candlestick

January-October 1859


The Collected Letters, Volume 35


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TC TO JOHN RUSKIN ; 19 April 1859; DOI: 10.1215/lt-18590419-TC-JRU-01; CL 35: 79-80


TC TO JOHN RUSKIN

Chelsea, 19 April, 1859

Dear Ruskin,

We are in great misery here: my poor Wife, after escaping all winter, has fallen into the worst Cold I have ever seen her have; and suffers very much; weak too as an infant,—tho', I strive to flatter myself, not growing worse, but contrariwise. I caught a Cold on the same occasion (late paroxysm of july-december weather),—or rather renewed a cold I have always obscurely had since a “bathe in the Baltic” last autumn:1 but I try to keep it at the staff's end, and do not hitherto allow it to interfere with business. Absolute silence being the rule here just now.— I will come riding out to Denmark Hill,2 on Thursday (day after tomorrow): and call you over the coals3 for half an hour, if you will be at home. Near 5 p.m;—no, let us say “4.20 or so,” and be away before 5 again. Don't write, unless you have something to object.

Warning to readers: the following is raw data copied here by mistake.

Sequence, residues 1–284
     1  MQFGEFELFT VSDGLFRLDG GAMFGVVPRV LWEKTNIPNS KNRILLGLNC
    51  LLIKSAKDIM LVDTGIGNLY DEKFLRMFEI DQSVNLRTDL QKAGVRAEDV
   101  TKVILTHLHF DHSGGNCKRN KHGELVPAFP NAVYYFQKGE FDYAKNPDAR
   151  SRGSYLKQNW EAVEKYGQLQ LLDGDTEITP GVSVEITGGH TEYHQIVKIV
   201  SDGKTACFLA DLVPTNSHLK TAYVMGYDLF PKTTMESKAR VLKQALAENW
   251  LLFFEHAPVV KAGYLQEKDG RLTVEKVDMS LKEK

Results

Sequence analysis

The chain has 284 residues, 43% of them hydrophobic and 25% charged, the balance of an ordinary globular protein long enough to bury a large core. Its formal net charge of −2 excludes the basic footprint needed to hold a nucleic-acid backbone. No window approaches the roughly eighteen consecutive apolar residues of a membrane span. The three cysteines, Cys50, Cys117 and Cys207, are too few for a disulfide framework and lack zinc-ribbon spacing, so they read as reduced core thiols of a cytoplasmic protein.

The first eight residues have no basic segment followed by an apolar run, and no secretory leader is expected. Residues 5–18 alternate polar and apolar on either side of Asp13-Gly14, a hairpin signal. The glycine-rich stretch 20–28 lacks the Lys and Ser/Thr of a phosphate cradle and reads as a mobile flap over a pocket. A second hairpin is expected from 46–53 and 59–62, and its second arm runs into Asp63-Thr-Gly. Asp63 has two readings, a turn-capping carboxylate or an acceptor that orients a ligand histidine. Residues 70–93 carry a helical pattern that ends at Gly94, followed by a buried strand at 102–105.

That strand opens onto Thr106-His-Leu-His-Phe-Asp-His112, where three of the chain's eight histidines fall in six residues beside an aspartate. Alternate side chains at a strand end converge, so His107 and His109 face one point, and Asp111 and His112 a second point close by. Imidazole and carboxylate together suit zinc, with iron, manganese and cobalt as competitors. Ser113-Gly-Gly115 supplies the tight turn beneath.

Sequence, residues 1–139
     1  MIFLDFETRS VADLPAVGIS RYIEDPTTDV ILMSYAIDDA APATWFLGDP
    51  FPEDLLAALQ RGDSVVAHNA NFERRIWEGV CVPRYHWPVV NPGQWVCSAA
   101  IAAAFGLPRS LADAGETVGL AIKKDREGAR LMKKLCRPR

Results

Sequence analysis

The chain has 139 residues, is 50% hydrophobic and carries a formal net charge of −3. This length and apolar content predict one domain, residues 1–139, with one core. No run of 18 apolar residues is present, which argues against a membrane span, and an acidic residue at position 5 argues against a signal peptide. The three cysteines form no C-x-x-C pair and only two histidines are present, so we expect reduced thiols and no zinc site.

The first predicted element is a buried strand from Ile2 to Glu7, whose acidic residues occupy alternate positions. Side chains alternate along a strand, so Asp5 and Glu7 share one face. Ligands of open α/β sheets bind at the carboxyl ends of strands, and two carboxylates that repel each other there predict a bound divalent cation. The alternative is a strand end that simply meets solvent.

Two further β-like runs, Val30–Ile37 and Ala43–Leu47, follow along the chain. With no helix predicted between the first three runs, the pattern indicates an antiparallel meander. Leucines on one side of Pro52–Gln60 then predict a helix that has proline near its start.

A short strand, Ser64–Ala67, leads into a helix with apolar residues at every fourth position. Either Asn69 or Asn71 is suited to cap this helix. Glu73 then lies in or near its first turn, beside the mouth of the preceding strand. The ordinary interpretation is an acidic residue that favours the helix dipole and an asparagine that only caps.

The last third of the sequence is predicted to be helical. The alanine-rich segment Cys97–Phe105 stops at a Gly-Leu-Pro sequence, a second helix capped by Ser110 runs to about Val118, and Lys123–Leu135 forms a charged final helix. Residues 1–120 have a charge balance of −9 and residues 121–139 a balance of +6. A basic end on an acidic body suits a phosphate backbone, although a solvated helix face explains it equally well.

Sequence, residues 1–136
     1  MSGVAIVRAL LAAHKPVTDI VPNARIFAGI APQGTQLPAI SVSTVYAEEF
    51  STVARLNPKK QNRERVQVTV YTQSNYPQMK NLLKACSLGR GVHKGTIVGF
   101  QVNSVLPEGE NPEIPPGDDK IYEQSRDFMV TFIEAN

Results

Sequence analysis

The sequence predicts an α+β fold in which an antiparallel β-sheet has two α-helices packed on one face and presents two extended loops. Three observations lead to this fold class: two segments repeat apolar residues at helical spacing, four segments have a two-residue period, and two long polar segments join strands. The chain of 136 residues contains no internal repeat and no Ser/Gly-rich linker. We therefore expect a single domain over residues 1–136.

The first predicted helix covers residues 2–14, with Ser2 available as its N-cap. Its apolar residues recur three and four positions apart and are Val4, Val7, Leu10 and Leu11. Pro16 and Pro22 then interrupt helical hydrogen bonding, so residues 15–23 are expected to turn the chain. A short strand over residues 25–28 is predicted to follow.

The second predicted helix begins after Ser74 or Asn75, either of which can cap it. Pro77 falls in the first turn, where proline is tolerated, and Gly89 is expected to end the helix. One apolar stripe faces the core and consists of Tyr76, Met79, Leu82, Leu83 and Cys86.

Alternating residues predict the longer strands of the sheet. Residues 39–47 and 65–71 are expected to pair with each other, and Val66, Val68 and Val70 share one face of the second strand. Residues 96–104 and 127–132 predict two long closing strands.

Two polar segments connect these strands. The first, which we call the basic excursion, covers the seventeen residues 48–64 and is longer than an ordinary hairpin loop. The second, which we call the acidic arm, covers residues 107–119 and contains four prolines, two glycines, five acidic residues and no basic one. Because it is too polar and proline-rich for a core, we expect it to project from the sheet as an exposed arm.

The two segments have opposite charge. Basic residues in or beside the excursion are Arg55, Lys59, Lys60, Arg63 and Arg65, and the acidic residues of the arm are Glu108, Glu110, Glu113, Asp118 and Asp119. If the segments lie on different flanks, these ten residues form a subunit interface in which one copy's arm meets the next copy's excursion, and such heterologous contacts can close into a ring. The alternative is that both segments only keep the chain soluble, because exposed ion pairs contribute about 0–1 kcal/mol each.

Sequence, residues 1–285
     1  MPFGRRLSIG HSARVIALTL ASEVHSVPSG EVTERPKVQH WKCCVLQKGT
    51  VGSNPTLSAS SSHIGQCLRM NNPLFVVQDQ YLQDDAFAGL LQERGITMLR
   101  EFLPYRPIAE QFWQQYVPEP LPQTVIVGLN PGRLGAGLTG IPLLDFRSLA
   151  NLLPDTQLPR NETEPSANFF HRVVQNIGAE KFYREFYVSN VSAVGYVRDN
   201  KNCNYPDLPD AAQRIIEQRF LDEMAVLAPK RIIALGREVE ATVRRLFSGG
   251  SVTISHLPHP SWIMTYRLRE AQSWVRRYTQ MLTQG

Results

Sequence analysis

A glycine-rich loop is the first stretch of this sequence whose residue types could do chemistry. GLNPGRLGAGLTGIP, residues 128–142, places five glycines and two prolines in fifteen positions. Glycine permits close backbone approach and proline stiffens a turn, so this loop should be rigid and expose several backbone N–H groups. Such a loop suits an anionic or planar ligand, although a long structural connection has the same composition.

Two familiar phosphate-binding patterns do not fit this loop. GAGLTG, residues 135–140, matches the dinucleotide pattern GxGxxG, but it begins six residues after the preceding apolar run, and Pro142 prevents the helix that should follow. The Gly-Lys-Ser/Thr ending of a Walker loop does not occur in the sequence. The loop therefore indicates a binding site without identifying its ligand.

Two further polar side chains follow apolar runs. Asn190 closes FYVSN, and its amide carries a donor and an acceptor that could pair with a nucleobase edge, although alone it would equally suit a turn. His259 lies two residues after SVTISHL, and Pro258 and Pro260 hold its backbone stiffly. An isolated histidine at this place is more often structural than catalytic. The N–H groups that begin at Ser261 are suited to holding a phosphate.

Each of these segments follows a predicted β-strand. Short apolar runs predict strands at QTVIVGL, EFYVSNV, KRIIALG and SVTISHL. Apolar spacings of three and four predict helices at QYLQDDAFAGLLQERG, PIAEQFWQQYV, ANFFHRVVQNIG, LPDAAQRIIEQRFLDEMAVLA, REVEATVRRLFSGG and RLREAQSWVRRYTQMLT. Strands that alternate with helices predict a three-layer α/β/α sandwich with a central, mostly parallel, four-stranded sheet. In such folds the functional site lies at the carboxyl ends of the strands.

That hovering about, and circling among the eddies, is not a pleasant process; but you will (to your astonishment perhaps) have various bouts of that kind in your wide voyage; and they are not unsalutary, still less can be dispensed with, tho’ so disagreeable to the natural man4

If the Natural Man is totally at a loss for a career, let him read with attention this American Letter whh came this morning;—surely that opens a career talem qualem [of whatever kind]! As the Letter is & not to be answered, you can burn it for the poor young Lady's5 sake.

Yours always /

T. Carlyle6